But since the legislation was enacted, experts have been criticizing the lack of its implementation. A 2017 survey by the Indian National Bar Association found that 70 percent women who have faced sexual harassment at their workplace did not report it. It also found that of those who reported it, 65 percent said that the company did nothing to address their grievances and 50 percent said that their harassers were permitted to continue working at the same company.

In order to address such abuses in all developing countries, United Nations Women in conjunction with the World Bank and The Organisation for Economic Co-operation and Development have developed a Sustainable Development Goal Indicator 5.1.1 to track the enactment and implementation of laws protecting women from discrimination. The Indicator was presented at the 61st session of the Commission on the Status of Women on March 20. Sarah Iqbal, coordinator of the Women, Business and Law Project, for the World Bank group talked at length about the goals of the tracking system.

SDG Indicator 5.1.1 being presented at the UN’s Commission on the Status of Women.

“We will be examining five aspects of the legal system of each country- The Constitution, criminal laws, family laws, property laws and labor laws,” said Iqbal. “We hope to assist countries draft and implement better laws for women.”

Iqbal pointed out that discrimination against women is not only harmful for women, but also adversely affects the country’s economy. The discrimination leads to illiteracy and increasing poverty.

“We are hoping that the indicator will help shine a spotlight on the issue and will draw attention to it,” she said. “We are very excited about it.”

Iqbal, who is originally from South Asia, has specialized in South Asian studies and believes that the indicator will be of tremendous use to India. She is of the opinion that it will shed some light on India’s failure to enforce its existing laws against discrimination against women more effectively.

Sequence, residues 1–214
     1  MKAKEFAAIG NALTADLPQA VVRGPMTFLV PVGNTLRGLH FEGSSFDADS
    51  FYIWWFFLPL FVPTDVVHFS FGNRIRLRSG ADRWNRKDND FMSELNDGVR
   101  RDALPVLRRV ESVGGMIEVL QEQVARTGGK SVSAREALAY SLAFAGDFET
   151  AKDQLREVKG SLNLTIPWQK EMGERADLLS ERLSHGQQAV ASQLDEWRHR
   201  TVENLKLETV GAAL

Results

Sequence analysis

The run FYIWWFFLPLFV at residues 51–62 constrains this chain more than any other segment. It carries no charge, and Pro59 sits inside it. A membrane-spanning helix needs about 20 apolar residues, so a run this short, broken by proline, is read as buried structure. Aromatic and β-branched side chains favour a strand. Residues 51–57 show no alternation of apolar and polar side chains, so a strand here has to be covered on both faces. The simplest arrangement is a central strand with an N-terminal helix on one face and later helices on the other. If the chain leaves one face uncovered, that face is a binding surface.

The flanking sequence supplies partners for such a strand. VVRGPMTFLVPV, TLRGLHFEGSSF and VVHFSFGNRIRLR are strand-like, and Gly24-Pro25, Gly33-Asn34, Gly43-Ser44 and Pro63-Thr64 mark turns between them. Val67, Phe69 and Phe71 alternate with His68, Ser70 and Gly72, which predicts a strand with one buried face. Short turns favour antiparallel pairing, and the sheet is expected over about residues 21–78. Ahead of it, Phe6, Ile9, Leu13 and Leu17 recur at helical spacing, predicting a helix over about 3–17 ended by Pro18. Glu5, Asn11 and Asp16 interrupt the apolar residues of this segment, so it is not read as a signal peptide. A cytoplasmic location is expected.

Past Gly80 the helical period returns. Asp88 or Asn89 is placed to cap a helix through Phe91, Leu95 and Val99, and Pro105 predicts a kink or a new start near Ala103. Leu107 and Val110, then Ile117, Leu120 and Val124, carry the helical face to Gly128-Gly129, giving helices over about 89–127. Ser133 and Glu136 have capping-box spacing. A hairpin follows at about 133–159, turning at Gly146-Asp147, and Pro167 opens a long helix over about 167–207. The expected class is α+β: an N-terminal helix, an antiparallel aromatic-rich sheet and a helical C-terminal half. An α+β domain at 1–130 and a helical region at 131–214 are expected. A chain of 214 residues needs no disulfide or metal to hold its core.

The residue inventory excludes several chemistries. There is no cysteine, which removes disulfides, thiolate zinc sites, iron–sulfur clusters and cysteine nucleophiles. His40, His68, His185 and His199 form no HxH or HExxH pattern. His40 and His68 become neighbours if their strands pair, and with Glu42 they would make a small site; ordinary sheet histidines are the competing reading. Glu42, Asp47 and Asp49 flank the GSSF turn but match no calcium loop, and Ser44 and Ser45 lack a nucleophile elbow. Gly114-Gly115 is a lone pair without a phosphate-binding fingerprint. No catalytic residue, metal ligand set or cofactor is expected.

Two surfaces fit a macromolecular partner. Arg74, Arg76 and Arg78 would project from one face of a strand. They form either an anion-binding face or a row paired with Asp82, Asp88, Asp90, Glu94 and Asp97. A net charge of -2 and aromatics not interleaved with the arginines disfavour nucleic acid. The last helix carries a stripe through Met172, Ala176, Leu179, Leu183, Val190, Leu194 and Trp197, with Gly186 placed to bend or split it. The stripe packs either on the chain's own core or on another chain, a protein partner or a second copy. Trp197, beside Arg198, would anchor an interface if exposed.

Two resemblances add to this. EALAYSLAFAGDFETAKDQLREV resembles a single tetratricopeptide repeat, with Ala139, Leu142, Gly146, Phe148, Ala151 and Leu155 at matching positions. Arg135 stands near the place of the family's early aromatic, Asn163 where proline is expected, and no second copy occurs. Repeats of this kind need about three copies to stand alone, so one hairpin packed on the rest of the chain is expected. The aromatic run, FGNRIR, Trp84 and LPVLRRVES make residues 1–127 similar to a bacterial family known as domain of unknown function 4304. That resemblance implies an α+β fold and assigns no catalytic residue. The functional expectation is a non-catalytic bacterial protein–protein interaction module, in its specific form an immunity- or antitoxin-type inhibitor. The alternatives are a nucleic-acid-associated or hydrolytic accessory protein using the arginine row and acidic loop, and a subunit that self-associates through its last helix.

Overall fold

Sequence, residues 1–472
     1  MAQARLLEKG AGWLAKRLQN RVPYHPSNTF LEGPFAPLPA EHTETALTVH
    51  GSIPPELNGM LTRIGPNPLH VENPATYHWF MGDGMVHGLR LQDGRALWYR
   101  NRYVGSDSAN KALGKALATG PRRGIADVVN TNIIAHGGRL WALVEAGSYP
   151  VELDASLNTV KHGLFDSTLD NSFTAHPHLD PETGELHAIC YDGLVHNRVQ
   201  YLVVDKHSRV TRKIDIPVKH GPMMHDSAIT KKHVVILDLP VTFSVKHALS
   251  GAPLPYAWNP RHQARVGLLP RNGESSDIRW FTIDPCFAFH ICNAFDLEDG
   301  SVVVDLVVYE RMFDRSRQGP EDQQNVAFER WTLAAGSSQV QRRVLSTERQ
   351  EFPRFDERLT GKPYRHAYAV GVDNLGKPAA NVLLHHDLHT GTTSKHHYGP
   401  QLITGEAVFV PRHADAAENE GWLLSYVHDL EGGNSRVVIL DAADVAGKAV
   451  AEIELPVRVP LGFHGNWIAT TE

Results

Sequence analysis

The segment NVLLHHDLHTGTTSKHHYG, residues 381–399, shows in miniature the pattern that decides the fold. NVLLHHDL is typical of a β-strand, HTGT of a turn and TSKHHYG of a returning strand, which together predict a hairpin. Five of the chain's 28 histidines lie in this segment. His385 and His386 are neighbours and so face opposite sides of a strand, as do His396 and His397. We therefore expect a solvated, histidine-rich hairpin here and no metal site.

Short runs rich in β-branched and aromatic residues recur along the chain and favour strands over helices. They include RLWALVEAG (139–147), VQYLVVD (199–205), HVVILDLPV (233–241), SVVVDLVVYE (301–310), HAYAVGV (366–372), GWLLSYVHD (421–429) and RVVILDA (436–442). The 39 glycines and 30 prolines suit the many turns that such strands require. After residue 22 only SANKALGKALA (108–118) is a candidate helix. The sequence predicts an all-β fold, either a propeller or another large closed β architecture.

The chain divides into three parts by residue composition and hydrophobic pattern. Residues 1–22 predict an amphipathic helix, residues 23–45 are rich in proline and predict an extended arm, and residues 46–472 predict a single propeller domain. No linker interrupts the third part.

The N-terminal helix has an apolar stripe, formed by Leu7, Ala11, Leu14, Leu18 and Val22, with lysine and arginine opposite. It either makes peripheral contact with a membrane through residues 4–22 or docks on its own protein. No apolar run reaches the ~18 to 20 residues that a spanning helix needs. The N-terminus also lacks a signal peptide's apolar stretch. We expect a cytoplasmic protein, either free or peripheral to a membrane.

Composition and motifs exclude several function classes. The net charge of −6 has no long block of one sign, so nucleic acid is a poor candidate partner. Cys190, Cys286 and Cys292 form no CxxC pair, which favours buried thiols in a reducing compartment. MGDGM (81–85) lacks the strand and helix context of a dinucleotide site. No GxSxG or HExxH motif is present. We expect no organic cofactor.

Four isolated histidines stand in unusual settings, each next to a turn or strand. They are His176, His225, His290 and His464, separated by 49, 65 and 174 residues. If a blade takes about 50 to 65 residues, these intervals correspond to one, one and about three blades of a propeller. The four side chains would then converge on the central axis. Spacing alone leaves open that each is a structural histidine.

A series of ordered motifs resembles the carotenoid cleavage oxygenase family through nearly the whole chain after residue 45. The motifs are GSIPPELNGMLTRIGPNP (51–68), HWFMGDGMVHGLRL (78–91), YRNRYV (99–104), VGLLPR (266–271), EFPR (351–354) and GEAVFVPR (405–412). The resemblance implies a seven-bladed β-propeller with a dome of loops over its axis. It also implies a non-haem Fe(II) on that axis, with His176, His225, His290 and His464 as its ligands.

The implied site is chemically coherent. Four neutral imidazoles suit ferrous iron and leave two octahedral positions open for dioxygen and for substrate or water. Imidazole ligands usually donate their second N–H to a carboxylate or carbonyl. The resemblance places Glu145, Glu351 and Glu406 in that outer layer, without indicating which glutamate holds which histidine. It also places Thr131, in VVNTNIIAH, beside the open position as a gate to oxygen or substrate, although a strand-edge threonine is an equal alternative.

Bhanwari Devi, of course, is not the only woman awaiting justice in India after being harassed or abused. The National Crime Records Bureau recorded 34,651 cases of rape and over 4000 cases of attempted rape in India in 2015. The total number of crimes against women including rape, attempted rape, sexual harassment at workplace, domestic violence and trafficking stood at a staggering 327,394 in the same year.

Even after the sexual harassment at workplace law was enacted in 2013, at least 20 accused sexual harassers have been acquitted, although the evidence suggested their guilt. In April 2015, an employee of Doordarshan, a public service television channel, lodged a complaint that her supervisor had sexually assaulted her. Although the allegations were proven correct, no action was taken. She was simply transferred to a different office in Delhi.

In December 2013, AK Ganguly, a Supreme Court judge was accused of sexually harassing an intern at a hotel in New Delhi. Although, the Supreme Court indicted him for committing an unwelcome act, the Home Ministry said that there was no evidence to lodge a police complaint.

In spite of the lack of action, Devi believes that women need to speak up and fight for justice. Devi, who was honored with the Neerja Bhanot Memorial Award for bravery and was invited to be a part of the United Nations Fourth Conference for women in Beijing has repeatedly said that she will not give up and will continue to fight for women’s rights.

“Women need to put on a brave face,” she said at a speech in Aurangabad. “All women and activists need to come together in unity to fight cases of sexual harassment and not stop until we get justice.”